Ostensibly, the size of economic inter-dependence should determine the tit-for-tat actions. USA is more significant to China than China to USA. China is an export base economy and not vice versa. In 2016, exports accounted for 18.6 percent of Chinese GDP , compared to 11.9 percent of USA’s GDP. USA is the biggest destination for Chinese exports, accounting for 18 percent of Chinese exports in 2016. In contrast, China accounted for 7.5 percent only of USA’s exports in 2016.

Given the unbalanced economic inter-dependence, China should be wary for the USA’s onslaught on its currency management as the next step for retaliation, taking a leaf from the experience to thwart Japanese exports in post Plaza Accord. The USA may mount further pressure on the Chinese renminbi, alleging that it has been kept under-valued in proportion to Chinese growth. The USA has already forced China to unpeg its currency to the US Dollar and caved into floating rates in a basket of currencies. Since then Chinese renminbi value spurred by over 22 percent.

Chinese wages leaped high. Chinese goods fell prey to expensive products. China opted for Go-out policy by investing abroad instead of investing domestically. Chinese out-bound investment surpassed its in-bound FDI. Chinese investment abroad surged to US $170 billion in 2016, against inward FDI of US $ 34 billion. This exemplifies that China has lost the paradise of cheap production, similar to Japan in post-Plaza Accord.

Does this mean that China’s heydays are in jeopardy? Given the USA’s significance as a linchpin for China’s export and holding the mantle for global currency balancing, can China afford to retaliate against USA and make a smooth run of its economic growth?
To circumvent the trade war, China should increase its overseas investment in low cost countries and re-route its exports to the USA.

In this prey, India can pose a preferable destination for Chinese investment. In recent years, China has emerged as a big ticket investor in India, albeit there are security concerns. In 2015, Chinese investment in India leapfrogged eight times and became the eighth biggest foreign investor in India. In mobile phone manufacturing, China has already established a strong base in India. More than half a dozen Chinese mobile manufacturing companies have set up their plants in India. In 2016, Chinese companies proposed US $2.3 billion worth investment in the country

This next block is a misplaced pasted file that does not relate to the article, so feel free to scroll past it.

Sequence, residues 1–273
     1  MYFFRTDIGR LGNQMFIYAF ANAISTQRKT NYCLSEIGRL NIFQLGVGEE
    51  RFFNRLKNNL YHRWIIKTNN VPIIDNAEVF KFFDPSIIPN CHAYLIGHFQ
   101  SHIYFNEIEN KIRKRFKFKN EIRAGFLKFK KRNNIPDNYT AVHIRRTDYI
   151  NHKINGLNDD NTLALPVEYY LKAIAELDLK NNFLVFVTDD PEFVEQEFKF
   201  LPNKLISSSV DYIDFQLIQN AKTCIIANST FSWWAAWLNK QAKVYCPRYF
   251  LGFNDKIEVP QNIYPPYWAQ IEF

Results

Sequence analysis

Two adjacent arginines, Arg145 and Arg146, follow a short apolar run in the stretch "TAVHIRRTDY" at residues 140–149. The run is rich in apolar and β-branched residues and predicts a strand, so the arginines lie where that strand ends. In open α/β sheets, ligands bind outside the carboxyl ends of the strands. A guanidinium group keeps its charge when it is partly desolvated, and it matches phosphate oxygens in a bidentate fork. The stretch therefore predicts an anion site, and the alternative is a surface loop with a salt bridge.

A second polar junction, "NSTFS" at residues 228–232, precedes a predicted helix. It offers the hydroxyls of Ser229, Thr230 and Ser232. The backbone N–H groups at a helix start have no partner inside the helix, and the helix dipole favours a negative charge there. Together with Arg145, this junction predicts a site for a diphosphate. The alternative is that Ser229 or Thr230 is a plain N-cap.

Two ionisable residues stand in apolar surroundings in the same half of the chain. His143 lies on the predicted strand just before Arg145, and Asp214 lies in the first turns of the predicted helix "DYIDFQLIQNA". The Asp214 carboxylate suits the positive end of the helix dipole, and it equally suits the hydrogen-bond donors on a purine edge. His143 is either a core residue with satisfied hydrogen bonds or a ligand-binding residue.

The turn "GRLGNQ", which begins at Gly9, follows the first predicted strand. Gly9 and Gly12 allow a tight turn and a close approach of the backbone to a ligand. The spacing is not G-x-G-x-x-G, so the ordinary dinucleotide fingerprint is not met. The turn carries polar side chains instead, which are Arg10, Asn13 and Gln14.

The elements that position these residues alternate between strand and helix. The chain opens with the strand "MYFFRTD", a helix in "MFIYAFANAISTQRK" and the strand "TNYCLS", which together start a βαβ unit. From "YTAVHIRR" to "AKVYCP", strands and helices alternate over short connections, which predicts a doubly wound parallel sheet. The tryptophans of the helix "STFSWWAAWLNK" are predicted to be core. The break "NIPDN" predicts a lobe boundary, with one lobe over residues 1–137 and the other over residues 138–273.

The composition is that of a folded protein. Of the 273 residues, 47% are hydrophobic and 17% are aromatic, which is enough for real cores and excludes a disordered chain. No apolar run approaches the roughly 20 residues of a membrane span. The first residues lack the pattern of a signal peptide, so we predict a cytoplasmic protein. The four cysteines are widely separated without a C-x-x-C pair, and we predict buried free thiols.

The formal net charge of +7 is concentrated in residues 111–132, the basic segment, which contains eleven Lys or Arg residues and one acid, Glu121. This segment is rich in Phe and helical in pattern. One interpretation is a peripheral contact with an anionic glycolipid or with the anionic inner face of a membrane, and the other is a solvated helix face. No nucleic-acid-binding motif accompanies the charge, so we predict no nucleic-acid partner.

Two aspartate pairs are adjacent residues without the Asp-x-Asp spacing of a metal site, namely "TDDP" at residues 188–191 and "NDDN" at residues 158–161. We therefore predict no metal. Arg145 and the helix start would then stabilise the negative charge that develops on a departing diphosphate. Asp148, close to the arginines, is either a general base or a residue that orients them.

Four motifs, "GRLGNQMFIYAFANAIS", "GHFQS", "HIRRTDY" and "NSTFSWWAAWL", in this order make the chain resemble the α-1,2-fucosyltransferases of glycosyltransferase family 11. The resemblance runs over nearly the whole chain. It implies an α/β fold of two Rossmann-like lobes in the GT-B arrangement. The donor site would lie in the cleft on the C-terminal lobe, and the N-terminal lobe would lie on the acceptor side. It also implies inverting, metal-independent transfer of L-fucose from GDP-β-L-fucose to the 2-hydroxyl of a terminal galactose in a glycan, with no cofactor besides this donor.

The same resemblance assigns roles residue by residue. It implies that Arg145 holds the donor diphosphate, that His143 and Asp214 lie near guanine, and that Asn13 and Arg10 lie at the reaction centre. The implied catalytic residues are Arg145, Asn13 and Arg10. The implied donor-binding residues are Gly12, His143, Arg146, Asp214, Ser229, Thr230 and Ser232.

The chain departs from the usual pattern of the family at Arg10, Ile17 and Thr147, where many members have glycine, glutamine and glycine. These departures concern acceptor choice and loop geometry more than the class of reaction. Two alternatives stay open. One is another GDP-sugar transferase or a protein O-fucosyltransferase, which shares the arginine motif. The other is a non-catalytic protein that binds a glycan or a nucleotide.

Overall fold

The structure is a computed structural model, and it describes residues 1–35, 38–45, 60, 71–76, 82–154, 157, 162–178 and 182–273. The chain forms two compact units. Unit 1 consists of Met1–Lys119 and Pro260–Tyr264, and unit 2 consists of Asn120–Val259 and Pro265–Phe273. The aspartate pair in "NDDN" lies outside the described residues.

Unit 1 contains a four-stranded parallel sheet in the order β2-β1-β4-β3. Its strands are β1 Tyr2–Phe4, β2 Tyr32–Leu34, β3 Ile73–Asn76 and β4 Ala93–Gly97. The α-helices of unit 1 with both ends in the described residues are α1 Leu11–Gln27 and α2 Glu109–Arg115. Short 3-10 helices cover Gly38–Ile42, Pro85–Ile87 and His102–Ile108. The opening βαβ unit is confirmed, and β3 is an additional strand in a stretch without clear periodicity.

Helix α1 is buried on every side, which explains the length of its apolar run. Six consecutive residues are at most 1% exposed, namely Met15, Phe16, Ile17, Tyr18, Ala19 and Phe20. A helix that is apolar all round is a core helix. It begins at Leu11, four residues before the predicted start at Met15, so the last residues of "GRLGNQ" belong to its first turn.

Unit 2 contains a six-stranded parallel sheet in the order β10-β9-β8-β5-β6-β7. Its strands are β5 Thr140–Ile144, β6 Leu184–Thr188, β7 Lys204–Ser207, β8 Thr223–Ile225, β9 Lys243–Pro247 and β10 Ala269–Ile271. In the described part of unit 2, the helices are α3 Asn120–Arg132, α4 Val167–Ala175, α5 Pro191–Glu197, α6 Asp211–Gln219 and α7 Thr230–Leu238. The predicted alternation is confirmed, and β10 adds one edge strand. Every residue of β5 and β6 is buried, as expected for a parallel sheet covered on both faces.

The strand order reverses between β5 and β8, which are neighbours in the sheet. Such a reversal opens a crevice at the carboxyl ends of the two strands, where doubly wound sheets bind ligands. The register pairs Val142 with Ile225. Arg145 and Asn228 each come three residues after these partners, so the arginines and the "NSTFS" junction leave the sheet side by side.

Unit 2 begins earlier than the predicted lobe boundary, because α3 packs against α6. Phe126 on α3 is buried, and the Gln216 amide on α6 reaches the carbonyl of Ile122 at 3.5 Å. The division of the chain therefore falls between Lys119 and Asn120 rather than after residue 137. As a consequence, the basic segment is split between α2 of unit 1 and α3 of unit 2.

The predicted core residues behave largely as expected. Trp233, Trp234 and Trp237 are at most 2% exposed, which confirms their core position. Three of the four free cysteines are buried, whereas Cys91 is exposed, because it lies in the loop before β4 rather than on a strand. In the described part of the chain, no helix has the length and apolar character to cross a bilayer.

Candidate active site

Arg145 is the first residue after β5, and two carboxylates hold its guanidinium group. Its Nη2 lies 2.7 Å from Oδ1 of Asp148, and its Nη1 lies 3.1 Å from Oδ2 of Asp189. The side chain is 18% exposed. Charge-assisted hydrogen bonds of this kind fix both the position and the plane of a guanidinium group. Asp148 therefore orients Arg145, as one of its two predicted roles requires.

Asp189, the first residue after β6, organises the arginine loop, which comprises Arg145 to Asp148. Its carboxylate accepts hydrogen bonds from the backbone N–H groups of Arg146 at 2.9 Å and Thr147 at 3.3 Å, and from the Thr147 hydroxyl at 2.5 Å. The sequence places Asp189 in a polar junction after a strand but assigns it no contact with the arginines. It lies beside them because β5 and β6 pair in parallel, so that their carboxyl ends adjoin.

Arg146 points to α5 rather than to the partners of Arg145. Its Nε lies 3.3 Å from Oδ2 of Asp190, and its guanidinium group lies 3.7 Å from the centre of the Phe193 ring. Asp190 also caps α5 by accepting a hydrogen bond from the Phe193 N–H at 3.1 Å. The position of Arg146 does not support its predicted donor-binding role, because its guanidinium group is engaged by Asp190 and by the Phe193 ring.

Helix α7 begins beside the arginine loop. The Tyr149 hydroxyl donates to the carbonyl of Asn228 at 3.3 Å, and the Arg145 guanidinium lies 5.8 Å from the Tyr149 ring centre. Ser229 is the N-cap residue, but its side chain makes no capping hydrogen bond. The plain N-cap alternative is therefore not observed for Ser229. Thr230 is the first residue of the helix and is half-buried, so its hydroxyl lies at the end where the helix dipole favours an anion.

India’s attraction snowballed after China lost its place as the low cost workshop of the world. According to FDI Intelligence, an outfit of Financial Times, India replaced China in receiving FDI in Greenfield projects in 2015. This unraveled India’s strength in attracting FDI amid low cost countries

(Views are personal)

Subrata Majumder

Subrata Majumder is a former adviser to Japan External Trade Organization (JETRO), New Delhi, and the author of “Exporting to Japan,” as well as various articles in Indian media, including Business Line, Echo of India, Indian Press Agency, and foreign media, such as Asia Times online and Eurasia Review .

One thought on “China Could Learn From US-Japan Trade Conflict: India To Benefit From Tiff – Analysis

  • April 8, 2018 at 4:04 am

    Impose more tariffs on Chinese goods and other foreign goods. Force these companies to create jobs here in the states and not in China. The US needs to return to selg suffiecency and get the people of the US back in the mindset of quality not quantity. This will improve our economy long term and get the middle class reinforced again to where it should be.